June 9, 2008

Let's talk about…the weather!

The following article is a guest blog from Todd, a former Minnesota resident who now lives in Tegucigalpa, the capital city of Honduras. Todd recently resuscitated his entertaining blog after a short absence. In addition to his job for the English-language Honduras This Week newspaper, Todd writes "about life in Honduras and beyond, pop culture, politics, current events, etc." in his blog, Todd Rules.

Tegucigalpa, HondurasView of Tegucigalpa, Honduras, 2002

LG put the call out to her 'peeps' to scare up a guest blogger or two, and yours truly took the bait! I've been a fan of her blog for a couple of years and, like many others, hope the numbness and tingling issues that are causing her to slow down resolve soon. (NO! I don't care if your hand hurts….now TYPE!!)

In the meantime, as a fellow ex-pat now living in Honduras (Tegucigalpa) and with the rainy season in full swing, I think it might be worth talking about the weather here in the original "Banana Republic."

I was born (Minnesota) and raised (Minnesota and South Dakota) in the Midwest US. The four distinct seasons were a way of life and influenced everything we did, from how we dressed, how we traveled, our moods, our yards, how we cooked, etc. To this day, split pea and ham soup and late fall are forever and inextricably linked to each other, as far as I'm concerned. The street I live on here is unpaved (another subject – and a sore one) and currently very muddy. I always associate mud and puddles to April and May, when the snow is melting and everything seems wet and mushy.

Being in Honduras for a year now, I have experienced my first, full 'seasonal' year. And it's true: Honduras has two seasons, the rainy season and the dry season. Yes, there are variations within those two, but, by and large, it comes down to two.

Yes, I did miss the snow this past winter, and I didn't think I would. Walking around on Christmas in shorts, a t-shirt and flip-flops was a fun change of pace, but Christmas without snow seemed very strange. Interestingly, it all came flooding back to me that in years past, I wanted the snow and cold to go away after New Year's Day, and I cursed the same snow of Christmas for at least the whole of February and March. Something tells me, as time goes on, I will do just fine without another Minnesota winter! A week in Colorado skiing is another thing.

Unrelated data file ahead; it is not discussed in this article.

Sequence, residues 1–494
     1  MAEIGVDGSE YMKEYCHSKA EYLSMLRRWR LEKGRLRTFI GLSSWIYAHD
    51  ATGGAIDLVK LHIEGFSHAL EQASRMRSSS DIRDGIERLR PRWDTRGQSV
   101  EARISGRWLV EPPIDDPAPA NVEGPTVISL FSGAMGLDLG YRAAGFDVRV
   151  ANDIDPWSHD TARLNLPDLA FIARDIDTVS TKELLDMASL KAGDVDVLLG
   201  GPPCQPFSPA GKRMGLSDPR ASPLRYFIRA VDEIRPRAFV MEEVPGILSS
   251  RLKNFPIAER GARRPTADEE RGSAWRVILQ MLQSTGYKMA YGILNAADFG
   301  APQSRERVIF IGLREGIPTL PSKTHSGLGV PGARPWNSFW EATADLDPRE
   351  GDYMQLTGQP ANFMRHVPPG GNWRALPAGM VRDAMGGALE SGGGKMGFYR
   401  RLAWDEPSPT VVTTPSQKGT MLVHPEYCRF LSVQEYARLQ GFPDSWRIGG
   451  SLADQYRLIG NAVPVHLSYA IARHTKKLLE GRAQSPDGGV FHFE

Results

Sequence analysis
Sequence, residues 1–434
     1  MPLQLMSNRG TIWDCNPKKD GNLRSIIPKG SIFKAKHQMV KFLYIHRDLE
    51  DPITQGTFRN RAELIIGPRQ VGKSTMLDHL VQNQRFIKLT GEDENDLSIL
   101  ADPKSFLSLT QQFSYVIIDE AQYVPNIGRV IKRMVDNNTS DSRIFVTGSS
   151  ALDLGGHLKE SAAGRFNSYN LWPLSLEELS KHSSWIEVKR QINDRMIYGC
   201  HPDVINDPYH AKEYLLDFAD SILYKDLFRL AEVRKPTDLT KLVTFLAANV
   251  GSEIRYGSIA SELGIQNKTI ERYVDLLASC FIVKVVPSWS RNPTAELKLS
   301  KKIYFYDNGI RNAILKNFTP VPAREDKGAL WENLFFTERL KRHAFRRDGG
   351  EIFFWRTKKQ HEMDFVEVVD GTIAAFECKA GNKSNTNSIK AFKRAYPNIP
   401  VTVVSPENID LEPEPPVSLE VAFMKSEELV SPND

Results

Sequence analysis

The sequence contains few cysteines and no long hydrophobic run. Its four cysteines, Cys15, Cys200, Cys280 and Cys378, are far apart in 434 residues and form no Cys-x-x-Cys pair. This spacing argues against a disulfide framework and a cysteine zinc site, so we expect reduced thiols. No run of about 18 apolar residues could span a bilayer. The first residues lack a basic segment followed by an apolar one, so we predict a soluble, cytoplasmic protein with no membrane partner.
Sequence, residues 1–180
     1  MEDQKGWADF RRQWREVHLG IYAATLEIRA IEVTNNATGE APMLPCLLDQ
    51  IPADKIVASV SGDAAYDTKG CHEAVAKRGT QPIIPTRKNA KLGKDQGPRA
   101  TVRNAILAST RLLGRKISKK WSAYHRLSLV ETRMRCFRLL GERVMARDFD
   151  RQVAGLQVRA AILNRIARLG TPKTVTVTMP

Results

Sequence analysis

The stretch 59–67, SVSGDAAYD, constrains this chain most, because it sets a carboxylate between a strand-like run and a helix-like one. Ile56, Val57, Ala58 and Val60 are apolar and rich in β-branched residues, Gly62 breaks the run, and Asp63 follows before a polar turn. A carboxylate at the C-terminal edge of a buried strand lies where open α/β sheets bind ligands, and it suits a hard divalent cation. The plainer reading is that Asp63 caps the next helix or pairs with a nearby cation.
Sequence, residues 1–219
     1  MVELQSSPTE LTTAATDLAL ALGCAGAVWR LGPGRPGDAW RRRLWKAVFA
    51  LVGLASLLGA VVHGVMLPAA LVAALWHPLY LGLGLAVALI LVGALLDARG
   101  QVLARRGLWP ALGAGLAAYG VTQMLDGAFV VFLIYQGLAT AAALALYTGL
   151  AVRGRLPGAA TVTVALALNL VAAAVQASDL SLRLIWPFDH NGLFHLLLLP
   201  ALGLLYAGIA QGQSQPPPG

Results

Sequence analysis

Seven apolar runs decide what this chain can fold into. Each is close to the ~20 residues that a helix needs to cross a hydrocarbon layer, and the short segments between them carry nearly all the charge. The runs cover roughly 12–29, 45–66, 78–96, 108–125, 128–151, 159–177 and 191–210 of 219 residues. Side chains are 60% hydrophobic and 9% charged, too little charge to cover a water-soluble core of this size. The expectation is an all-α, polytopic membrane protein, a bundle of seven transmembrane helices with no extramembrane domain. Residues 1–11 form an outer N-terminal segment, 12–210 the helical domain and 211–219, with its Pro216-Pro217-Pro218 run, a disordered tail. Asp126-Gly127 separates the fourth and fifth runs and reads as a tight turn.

Tegucigalpa, HondurasHere is what I love about the weather here in Honduras: in a matter of a week, the dry, brown hills surrounding Tegucigalpa are now a beautiful green, as is everything else – and it'll stay that way for months. A neighbor has a bunch of mature jasmine bushes in her backyard and the scent just made its way across the fence. I smelled freshly mowed grass yesterday before it started to rain! There is some sort of banana or plantain tree out back and two huge bunches will be adequately hydrated and delicious before too long.

So – let's talk about the weather. If you're from someplace else, how have you adjusted to Honduras' climate and weather? Do you have a favorite time of year, meteorologically speaking? Are there distinctions about the weather here worthy of discussion?

Thank you, Todd, for taking some of your busy writing time to be a guest blogger here at the Blogicito.

I'll just start out the conversation by saying that my favorite weather is rainy season. Here in La Ceiba, we are supposedly in the dry season but we've been getting some wet weather lately and I love it. As much as I've complained about the humidity, I've notice when the humidity gets "low", maybe 50-60%, my skin feels dry. I'm not sure how this adjustment came about since I was used to the very dry, non-humid climate of Dallas, Texas. I still like to make soups and stews when the weather turns a little "chillier" and I welcome that cooler weather, but I don't miss weeks and months of cold weather at all!

If you would like to submit a guest blog article, it will be greatly appreciated by me and my two bum fingers. Send it to me at my email address in the "About me" section at the top of the page. Photos are welcomed, too. Don't worry about formatting or spelling. You can send it as a text file or just include the text in your email.

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